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Restore disability pensions: MLA

Surrey Leader
By Dan Ferguson

Staff Reporter
Dec 15 2006

Delta North NDP MLA Guy Gentner wants B.C. worker disability pensions to return to their former structure.

Gentner has introduced a private members bill that would undo changes to the Workers Compensation Act by the Liberal government that ended the practice of adjusting disability pensions based on the type of job a worker had.

That’s unfair, Gentner said, because it doesn’t recognize the impact of a disability depends on the type of work being performed.

For example, the loss of a leg can be a career-ender for a tree faller, but not for an office worker, Gentner observed.

Gentner also wants the act amended to restore lifetime pensions for permanently disabled workers, who are now cut off at age 65 and given a lump sum settlement.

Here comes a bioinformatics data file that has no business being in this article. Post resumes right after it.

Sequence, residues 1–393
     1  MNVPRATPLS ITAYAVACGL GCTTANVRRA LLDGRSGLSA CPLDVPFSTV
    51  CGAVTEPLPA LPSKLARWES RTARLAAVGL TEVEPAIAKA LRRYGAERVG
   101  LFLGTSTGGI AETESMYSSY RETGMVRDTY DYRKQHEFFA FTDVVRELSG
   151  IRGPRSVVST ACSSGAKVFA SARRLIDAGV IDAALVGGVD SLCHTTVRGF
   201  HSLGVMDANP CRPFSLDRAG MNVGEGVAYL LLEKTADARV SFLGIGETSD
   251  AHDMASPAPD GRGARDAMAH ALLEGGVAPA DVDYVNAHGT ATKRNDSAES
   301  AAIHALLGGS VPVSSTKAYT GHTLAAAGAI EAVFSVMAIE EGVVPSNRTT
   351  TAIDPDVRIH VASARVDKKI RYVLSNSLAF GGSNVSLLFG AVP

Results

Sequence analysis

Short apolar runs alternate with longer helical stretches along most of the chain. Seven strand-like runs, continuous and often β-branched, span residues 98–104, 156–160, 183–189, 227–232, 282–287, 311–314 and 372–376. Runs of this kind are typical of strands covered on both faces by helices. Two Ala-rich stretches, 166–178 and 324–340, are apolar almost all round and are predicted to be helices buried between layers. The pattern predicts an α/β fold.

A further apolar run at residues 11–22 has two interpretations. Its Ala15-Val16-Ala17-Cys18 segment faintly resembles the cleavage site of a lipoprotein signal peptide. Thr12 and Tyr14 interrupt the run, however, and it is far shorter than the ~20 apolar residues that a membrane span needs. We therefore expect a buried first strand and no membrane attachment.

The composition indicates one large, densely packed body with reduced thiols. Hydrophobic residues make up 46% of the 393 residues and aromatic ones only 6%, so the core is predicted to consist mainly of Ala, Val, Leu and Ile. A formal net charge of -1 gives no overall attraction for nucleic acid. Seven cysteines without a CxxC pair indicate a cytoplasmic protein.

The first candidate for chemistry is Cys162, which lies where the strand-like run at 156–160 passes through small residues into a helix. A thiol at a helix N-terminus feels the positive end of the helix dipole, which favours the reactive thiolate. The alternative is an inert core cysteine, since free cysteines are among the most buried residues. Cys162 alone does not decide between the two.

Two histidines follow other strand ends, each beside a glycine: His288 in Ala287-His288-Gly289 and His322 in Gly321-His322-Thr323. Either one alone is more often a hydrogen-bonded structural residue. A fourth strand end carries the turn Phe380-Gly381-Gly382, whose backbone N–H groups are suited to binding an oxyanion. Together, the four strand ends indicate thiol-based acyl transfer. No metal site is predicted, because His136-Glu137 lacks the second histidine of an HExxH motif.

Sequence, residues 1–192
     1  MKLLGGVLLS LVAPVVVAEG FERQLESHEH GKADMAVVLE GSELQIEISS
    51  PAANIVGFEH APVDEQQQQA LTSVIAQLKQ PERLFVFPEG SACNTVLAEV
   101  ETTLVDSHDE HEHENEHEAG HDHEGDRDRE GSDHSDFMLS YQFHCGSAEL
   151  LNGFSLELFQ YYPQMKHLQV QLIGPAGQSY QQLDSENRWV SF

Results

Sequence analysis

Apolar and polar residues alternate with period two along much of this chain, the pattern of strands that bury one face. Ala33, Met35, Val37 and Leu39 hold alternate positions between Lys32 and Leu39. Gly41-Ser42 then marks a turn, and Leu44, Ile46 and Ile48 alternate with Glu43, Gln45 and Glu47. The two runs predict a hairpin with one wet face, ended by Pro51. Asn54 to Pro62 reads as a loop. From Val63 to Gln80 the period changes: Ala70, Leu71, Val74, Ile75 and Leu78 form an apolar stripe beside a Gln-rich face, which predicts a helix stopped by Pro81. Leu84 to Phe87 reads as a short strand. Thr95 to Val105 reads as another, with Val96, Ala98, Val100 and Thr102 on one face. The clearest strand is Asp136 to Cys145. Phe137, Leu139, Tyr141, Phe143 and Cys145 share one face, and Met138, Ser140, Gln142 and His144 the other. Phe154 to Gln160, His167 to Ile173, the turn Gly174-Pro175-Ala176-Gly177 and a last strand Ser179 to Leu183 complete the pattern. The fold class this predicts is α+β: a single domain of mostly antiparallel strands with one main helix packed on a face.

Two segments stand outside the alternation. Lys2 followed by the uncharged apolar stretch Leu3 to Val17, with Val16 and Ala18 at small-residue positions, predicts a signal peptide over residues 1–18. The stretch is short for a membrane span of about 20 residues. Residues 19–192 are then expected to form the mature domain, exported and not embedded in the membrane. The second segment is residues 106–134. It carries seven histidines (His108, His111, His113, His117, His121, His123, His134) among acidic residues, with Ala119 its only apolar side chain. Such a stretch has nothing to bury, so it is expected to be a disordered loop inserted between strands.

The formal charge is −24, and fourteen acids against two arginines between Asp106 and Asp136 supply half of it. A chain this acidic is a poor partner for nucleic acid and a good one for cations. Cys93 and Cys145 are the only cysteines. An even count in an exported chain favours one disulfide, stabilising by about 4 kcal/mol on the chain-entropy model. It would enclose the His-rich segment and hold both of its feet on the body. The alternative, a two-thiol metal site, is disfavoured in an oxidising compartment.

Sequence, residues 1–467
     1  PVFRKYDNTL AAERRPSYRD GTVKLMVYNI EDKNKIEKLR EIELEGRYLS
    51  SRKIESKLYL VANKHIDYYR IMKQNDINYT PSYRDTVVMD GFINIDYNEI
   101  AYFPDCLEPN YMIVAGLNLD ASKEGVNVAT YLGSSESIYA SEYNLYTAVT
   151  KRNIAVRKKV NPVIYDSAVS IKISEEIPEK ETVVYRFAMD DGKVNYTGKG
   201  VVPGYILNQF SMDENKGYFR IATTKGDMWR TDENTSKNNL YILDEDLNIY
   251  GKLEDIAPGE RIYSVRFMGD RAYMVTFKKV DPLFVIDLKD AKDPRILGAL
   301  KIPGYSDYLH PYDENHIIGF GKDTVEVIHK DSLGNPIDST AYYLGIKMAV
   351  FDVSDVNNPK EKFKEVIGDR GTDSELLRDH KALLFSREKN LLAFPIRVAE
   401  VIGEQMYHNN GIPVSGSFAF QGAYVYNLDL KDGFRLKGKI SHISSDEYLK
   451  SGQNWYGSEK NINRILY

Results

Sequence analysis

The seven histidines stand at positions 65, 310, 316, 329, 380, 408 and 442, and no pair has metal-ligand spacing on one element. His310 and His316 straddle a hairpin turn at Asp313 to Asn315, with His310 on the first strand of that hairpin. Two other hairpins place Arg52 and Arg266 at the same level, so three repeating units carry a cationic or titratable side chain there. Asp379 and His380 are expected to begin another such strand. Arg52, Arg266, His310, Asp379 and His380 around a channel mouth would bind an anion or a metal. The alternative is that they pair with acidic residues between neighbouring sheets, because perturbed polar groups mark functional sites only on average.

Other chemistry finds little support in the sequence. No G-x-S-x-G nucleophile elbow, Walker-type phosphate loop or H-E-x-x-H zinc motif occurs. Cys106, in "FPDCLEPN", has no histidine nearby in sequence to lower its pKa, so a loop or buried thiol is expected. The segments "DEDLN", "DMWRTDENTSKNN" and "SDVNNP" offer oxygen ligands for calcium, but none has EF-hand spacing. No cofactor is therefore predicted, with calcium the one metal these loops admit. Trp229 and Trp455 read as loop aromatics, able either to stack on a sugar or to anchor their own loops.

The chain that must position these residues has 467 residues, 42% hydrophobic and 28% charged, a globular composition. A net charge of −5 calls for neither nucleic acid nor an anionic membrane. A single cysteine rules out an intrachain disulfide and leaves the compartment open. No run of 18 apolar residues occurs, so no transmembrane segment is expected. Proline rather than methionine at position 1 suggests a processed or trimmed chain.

Though those changes were made in 2002, Gentner said it’s only in the last year that the full impact has become apparent because of the time it takes to decide worker pensions.

“Most of the cases that walk into my office these days deal with workers’ compensation,” Gentner said.

“The new model is to deny, deny, deny.”

Gentner said the changes were imposed as a money-saving measure because the Workers Compensation Board was facing a substantial deficit.

But now, Gentner said, the deficit has turned into a surplus that should be used to improve worker pension benefits.

Labour and Citizens’ Services Minister Olga Ilich declined a Leader telephone request for comment, but a spokesperson in her office advised that the rule changes brought B.C. into line with other workers compensation systems in Canada.

Gentner said there is nothing wrong with giving B.C. workers better benefits than other provinces.

“Why not lead the way?”

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